Cottontails feed in the evenings or at night. Their diet consists of a variety of green plants, barks, buds, and grasses. Unlike the jackrabbit, which are actually a larger and more muscular member of the hare family, cottontails are true rabbits. This distinction is important, as hares are born virtually self-sufficient - eyes open, body fully furred, and with the ability to hop around only moments after birth - whereas rabbits are born hairless, blind, and helpless.
The eastern cottontail’s nest is a saucer-like depression three or four inches deep and about eight inches across, lined with mouthfuls of soft, dead grass mixed with hair from the mother’s breast. A covering of grass and hair is used to hide the nest and keep the young “kits” warm and dry.
Rabbit mothers, called “does,” nurse their babies for approximately 5 minutes a day. The milk is very rich and the babies fill up to capacity within minutes. Mother rabbits do not sit on the babies to keep them warm as do some mammals and birds. They will be in the nest early in the morning and then again in the evening, which gives the impression that the kits have been abandoned.
Most baby cottontails that end up in human care do not survive despite the honorable intentions of their kind-hearted rescuers. If you come across a nest of bunnies in the wild and the doe is nowhere in sight, please do not disturb them. By removing them from the nest you are greatly reducing their chances of survival. Individuals raising orphaned babies must not treat them as pets.
There is a 90 percent mortality rate with orphaned baby rabbits in human care, especially cottontails. This number increases if the rabbits are very young and their eyes still closed. They are extremely hard to save. There is little substitute for the nutrients their mother’s milk provides. Often they die of bloat, improper feeding or overfeeding. Many die even when people have done everything right.
Baby rabbits are cute and it is natural to want to handle them. However, they are very easily stressed by handling and noise. Any undue stress can cause them to have heart failure. They are wild animals. So before you pick up a baby rabbit with the kind-hearted intention to help the little creature, remember the following guidelines:
If you see a cottontail with its eyes open wandering around, leave it alone. It is exploring outside the nest and learning to forage for food. The nest is nearby and the baby will be able to find it. A juvenile cottontail is at least four weeks of age (about the size of a tennis ball) and no longer requires the nurturing of its mother or the protection of the nest. Do not touch the rabbit and keep pets and children away.
If your dog or cat captures a baby cottontail and you don’t know the location of the nest, follow the instructions for preparing a substitute nest and contact a wildlife rehabilitator as soon as possible. Contact with cats is frequently fatal to young animals, even when no injury is apparent. Contact with dogs is usually less serious and a baby bunny could be returned to the nest if there has been no injury.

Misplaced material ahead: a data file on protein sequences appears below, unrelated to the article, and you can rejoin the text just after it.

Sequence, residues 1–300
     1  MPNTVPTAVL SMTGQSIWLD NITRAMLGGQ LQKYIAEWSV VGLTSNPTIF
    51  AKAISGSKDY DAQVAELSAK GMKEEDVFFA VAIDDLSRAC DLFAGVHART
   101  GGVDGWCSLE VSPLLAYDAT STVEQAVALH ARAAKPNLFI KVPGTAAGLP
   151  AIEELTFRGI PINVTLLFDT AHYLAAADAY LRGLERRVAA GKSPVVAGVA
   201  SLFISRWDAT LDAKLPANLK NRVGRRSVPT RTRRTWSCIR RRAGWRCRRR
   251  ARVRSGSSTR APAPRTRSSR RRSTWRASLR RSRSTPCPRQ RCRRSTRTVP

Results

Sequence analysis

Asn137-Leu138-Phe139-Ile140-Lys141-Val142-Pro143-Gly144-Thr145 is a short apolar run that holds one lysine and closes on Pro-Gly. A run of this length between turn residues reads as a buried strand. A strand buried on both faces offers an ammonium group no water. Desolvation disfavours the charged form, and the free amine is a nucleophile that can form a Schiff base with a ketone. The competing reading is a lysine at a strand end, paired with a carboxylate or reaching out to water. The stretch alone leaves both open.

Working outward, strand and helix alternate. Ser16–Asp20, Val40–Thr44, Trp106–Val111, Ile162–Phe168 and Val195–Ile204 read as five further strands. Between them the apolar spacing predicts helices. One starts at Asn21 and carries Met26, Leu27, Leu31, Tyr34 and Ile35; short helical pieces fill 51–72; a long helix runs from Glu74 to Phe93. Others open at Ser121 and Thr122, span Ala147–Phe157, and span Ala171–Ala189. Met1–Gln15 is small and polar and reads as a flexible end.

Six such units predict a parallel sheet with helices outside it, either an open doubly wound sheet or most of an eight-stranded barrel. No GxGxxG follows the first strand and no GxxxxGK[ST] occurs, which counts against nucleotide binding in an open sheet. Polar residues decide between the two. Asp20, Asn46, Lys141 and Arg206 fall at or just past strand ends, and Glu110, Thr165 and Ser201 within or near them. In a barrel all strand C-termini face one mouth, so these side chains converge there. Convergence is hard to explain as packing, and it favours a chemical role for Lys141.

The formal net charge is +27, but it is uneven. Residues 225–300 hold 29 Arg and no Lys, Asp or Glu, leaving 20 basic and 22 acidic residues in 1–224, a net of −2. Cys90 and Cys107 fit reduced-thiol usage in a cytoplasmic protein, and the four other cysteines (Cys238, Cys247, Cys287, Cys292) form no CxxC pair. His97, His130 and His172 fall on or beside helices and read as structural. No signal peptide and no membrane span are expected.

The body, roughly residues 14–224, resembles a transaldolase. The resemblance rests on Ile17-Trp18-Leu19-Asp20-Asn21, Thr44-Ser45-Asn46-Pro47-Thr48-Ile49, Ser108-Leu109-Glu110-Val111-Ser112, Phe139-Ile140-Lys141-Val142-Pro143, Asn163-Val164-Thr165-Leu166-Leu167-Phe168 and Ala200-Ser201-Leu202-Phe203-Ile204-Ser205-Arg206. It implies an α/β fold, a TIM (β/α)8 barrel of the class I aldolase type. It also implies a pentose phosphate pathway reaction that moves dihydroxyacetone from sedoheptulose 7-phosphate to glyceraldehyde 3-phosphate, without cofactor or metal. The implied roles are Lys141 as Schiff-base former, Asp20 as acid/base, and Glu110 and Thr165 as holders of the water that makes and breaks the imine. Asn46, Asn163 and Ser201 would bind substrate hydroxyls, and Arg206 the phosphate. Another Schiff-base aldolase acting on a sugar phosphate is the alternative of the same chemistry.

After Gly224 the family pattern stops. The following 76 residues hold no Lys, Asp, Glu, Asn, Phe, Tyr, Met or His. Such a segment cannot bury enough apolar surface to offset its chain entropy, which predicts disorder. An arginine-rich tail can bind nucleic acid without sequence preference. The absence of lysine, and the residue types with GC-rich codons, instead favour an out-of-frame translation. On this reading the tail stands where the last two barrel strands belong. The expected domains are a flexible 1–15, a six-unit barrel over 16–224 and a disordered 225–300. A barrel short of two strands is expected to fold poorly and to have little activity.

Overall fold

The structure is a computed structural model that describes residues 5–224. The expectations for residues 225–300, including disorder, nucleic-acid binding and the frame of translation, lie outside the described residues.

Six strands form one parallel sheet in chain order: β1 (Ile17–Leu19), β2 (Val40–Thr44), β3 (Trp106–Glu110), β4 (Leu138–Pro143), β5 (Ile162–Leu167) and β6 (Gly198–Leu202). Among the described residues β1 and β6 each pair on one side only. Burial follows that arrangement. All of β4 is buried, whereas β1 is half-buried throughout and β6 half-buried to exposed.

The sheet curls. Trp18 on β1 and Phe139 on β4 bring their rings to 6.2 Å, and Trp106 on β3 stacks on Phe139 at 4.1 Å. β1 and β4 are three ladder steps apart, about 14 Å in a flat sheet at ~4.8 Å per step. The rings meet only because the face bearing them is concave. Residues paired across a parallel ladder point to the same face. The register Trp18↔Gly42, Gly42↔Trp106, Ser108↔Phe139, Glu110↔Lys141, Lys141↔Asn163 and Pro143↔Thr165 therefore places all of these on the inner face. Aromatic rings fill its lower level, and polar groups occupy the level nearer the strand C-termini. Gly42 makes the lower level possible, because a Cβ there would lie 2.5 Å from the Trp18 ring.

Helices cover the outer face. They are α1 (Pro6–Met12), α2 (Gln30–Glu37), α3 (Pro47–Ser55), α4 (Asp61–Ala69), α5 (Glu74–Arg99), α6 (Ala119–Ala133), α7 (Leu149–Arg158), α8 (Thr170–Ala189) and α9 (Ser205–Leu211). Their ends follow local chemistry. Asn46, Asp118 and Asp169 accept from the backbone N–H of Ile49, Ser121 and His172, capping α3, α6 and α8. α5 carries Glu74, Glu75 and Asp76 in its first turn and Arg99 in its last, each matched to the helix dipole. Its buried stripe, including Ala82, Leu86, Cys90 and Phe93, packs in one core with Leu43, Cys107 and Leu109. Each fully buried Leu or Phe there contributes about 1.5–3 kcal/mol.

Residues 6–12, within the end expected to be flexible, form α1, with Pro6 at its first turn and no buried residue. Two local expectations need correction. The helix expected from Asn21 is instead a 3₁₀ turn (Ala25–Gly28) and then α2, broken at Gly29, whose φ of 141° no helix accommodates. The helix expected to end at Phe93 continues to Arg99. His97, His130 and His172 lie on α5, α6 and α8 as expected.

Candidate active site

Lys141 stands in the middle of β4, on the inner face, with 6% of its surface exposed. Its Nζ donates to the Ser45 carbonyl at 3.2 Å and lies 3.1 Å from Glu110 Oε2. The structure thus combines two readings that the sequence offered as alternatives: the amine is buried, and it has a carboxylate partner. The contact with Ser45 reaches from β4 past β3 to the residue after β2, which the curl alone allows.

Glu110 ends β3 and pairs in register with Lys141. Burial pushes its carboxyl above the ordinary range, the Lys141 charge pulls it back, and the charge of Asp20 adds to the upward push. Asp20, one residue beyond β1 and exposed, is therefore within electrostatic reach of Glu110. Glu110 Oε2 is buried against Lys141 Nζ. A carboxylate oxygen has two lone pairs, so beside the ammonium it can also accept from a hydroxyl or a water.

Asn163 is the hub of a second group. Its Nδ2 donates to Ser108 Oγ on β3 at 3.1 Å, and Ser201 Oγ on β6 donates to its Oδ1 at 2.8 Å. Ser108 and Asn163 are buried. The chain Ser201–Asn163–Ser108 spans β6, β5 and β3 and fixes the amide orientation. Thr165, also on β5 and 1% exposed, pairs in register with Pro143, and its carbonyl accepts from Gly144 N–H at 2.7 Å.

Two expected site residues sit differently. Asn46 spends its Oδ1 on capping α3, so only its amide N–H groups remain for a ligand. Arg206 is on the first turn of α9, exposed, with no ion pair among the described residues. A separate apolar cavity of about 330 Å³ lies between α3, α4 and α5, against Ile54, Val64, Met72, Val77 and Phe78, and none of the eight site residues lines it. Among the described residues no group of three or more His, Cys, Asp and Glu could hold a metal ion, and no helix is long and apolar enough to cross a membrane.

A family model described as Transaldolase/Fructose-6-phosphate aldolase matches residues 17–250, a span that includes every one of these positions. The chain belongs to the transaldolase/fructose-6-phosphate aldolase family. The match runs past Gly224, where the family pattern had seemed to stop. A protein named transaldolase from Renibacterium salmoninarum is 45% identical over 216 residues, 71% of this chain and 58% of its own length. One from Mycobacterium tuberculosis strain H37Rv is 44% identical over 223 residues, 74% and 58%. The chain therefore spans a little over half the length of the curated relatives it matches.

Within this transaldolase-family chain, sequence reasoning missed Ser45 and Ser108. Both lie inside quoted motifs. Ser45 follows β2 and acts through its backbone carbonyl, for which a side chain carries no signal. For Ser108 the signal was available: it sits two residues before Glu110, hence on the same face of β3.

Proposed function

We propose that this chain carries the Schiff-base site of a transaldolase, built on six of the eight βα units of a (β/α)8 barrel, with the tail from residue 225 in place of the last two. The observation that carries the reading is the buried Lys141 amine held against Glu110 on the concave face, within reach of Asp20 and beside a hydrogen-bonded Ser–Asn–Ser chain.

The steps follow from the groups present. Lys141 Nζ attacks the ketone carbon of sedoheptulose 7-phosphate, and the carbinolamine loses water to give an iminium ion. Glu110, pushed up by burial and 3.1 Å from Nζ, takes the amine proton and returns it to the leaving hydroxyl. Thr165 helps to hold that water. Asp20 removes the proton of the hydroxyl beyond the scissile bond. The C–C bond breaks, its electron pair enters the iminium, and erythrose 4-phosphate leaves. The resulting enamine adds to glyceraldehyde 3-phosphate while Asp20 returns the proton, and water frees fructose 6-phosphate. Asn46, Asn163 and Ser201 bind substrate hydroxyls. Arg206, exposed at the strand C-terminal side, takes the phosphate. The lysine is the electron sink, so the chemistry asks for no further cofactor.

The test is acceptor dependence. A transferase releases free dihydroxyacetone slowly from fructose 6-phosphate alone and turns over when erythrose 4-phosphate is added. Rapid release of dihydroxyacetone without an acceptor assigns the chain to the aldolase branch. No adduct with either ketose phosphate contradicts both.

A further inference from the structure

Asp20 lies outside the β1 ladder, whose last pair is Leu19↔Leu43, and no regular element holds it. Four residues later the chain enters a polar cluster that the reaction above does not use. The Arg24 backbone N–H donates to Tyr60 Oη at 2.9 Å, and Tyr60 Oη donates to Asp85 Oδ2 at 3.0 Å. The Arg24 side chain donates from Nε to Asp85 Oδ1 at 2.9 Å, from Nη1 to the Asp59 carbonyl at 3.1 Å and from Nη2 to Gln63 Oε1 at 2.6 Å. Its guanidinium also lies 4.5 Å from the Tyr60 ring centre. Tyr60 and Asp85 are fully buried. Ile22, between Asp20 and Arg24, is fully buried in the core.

Rabbits will still care for their babies even if they have been touched by human hands. If you find a nest that has been destroyed, you can move it or rebuild it in a safer area within 10 feet of its original location. Try to lay twigs around the nest so that you can see if the mother is returning.
If you know for certain that the mother has been killed or the babies are in need of urgent help, contact a wildlife rehabilitator immediately. If the babies cannot be returned to the nest, you can take a few simple steps that will help them survive until they can be transferred to a wildlife rehabilitator.
Use a box or bucket with a lid. Punch a few holes in the container for air. Create a cup-like nest using rags, towels or paper tissues. Place the babies in the substitute nest and affix the lid securely. Even very small bunnies can escape from an open box. Place the container in a warm, quiet place, away from household sounds, odors, children, and pets.
Place half of the cottontail’s container on an insulated heating pad set on low (to insulate the pad, wrap it in a towel) or apply an overhead light. Check the container (do not touch the animal itself) every few minutes to avoid overheating. Alternatively you can fill a soda bottle with warm (not hot!) water, wrap it up in a T-shirt or towel and place it near the baby. Make sure the bottle is secure enough so it cannot roll onto the baby.
Do not attempt to feed babies whose eyes are sealed shut. These infants require a carefully developed formula delivered at the proper strength and amount, and feeding them anything else could compromise their survival.
An older baby whose eyes are open may be offered clean grass and clover (pulled from an area void of pesticides and herbicides), a bit of fresh apple, dry oatmeal, and a shallow dish of water. Do not hand-feed or force-feed a baby cottontail.
Cottontails of any age usually become very stressed in captivity. Do not handle or pet them and keep the container covered at all times. Being confined in a limited space with an open top or sides may cause the cottontail to panic and literally traumatize itself to death. If using a cage or other see-through housing, cover it completely using a sheet, towels, or newspapers.
Do not hold, pet, or talk to the cottontail. When confined, older cottontails may appear to be calm and tame; in reality they are scared to death, frozen in fear. Cottontails have also been known to suffer heart attacks due to the trauma of confinement and handling.
The Rainbow Wildlife Rescue, a non-profit organization in Stephenville, is working with local animals, wild and domestic alike. We accept squirrels, opossums, rabbits, raccoons and some birds. We do not accept skunks, deer, bats, foxes, coyotes, or reptiles.